FinDev Blog

The Hole in the Bucket: The Impact of De-risking on Non-Profit Organizations

Who loses out in the global push for individual financial inclusion?
Nubian woman in Egypt. Photo by Ali Hegazy.

The international frameworks on Anti-Money-Laundering (AML) and Countering the Financing of Terrorism (CFT) are seen as crucial tools for advancing stability and security objectives, as well as for curbing criminal and extremist activity. However, increased due diligence and reporting requirements for financial institutions have led banks to develop their own increasingly risk-averse controls – generally termed “de-risking.” There are growing concerns about the unintended consequences of de-risking practices on financial inclusion goals, particularly for vulnerable consumers, including the poor, women, migrants and refugees. Global financial inclusion actors, such as the World Bank, G20 and CGAP, have joined the debate on de-risking, aiming to guide policymakers on the implementation of AML/CFT standards while promoting financial inclusion.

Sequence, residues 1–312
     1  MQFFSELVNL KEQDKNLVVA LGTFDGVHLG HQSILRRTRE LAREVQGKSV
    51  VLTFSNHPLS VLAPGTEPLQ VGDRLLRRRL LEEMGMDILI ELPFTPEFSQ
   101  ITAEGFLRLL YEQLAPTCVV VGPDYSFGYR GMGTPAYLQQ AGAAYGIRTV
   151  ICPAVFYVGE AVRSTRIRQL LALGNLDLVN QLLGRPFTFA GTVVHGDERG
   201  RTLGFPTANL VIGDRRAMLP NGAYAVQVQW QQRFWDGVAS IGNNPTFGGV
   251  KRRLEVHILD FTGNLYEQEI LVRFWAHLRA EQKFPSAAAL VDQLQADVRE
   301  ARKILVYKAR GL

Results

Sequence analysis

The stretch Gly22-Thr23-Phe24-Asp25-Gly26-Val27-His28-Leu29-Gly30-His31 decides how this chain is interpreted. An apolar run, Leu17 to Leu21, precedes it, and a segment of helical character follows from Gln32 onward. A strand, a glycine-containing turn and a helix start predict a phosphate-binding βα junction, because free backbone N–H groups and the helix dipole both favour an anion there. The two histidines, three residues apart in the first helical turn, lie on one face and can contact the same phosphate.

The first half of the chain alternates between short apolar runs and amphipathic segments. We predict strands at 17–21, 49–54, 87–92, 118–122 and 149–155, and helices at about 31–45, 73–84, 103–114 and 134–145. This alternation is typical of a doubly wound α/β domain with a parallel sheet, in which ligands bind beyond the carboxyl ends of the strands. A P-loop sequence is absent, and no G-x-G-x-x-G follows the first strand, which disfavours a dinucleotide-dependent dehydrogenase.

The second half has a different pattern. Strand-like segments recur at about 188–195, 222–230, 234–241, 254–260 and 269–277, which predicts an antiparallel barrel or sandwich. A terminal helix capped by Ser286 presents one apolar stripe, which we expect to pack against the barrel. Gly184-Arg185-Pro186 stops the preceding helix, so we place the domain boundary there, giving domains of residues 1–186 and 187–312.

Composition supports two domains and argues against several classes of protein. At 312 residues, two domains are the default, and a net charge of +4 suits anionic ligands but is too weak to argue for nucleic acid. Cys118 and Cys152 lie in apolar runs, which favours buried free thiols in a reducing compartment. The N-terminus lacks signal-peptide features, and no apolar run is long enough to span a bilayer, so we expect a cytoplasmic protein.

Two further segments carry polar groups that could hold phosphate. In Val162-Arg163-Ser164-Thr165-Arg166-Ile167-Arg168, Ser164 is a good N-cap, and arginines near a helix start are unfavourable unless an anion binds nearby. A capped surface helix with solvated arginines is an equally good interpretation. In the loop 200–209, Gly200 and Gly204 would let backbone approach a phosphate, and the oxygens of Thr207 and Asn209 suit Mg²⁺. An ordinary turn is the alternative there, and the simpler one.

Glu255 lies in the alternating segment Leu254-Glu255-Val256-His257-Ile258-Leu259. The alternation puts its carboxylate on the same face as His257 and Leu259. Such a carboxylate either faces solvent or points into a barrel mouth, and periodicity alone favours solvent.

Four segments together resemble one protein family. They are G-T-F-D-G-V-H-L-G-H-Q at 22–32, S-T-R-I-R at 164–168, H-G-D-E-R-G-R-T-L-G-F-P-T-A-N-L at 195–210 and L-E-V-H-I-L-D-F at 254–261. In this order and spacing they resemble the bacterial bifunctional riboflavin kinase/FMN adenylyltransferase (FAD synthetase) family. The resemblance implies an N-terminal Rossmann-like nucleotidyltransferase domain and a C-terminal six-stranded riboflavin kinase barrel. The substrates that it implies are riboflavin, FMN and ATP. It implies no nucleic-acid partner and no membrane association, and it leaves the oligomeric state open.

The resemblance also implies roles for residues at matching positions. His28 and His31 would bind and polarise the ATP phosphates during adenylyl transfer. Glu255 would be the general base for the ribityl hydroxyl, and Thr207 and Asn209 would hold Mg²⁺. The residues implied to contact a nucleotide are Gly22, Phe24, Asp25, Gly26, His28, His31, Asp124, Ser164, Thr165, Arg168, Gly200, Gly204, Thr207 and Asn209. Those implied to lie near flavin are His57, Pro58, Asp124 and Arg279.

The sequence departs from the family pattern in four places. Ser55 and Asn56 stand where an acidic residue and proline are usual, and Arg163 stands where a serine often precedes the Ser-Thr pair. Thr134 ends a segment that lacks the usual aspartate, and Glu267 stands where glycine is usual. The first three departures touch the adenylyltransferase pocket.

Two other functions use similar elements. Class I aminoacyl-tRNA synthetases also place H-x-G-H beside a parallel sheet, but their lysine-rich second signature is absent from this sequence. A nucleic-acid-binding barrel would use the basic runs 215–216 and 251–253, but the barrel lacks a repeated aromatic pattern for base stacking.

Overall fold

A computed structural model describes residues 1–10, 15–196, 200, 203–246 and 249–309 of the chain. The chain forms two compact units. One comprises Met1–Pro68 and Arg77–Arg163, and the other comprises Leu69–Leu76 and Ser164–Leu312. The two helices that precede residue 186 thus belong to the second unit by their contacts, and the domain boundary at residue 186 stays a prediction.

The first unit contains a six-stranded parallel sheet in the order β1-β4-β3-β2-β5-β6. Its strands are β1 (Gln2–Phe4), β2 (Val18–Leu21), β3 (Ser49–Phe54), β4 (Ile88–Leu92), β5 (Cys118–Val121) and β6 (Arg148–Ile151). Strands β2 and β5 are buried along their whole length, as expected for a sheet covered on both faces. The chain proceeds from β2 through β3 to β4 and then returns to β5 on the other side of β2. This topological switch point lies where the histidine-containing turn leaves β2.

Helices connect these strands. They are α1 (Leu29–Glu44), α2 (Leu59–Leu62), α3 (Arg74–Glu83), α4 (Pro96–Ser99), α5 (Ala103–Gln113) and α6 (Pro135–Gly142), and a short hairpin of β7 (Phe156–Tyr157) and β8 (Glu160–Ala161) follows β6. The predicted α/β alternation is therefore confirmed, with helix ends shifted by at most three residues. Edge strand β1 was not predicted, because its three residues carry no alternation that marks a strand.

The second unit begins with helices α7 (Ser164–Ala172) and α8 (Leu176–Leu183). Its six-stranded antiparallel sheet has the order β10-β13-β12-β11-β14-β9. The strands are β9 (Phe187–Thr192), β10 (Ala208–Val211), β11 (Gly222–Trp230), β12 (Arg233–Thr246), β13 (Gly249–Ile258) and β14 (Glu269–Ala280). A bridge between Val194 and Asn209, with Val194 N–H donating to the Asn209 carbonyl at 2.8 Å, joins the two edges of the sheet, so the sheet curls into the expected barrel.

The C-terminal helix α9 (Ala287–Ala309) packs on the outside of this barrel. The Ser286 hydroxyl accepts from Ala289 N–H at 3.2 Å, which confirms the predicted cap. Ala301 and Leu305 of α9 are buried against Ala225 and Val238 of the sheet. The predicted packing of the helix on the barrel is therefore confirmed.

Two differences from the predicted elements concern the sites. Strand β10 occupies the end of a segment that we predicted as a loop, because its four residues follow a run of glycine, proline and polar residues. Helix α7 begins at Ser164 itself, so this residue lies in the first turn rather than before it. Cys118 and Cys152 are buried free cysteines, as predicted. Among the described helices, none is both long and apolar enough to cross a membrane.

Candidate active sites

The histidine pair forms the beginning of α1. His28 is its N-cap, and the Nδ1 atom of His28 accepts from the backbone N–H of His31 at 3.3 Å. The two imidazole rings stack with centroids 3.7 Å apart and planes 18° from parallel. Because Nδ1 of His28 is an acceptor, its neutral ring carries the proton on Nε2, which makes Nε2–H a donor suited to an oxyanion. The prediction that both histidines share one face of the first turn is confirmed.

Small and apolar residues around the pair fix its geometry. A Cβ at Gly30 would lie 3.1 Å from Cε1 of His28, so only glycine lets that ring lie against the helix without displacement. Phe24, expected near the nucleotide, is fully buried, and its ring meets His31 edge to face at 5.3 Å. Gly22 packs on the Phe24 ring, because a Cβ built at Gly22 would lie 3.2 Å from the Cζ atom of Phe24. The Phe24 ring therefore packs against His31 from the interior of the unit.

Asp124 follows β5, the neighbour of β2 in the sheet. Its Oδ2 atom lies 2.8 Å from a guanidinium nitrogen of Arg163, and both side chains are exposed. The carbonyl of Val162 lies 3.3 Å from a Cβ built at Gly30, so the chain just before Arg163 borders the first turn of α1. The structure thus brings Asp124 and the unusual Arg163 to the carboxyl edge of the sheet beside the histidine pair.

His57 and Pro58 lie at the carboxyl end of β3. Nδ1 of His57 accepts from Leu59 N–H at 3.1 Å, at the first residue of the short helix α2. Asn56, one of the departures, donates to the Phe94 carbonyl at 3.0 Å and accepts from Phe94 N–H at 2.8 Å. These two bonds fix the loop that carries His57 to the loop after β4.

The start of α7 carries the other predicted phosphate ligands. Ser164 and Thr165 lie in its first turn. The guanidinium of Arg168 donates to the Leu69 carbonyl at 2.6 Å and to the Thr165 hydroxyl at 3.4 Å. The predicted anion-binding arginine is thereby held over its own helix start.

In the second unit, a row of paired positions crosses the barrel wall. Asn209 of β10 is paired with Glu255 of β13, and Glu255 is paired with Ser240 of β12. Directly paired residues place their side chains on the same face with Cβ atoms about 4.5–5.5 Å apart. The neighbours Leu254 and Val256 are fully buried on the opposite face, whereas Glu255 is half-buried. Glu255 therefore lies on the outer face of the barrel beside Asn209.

The focus of these debates, however, has been the effect of de-risking on the micro level and the individual consumer, and not on the organizations which are crucial to supporting these inclusion processes. While we see a global push for financial inclusion at the individual level on the one hand, whole groups are at risk of falling out of the system on the other, a veritable “hole in the bucket” which needs to be plugged with some urgency. We would like to draw attention to these organizations, as a growing body of evidence shows that the non-profit sector is bearing the brunt of de-risking decisions.


We are not able to open a new bank account anymore... They did not officially refuse it, but the regulations to get the approval to open an account are impossible for us, in regards to the papers we have to provide, information we have to give.

Women’s rights organization in Turkey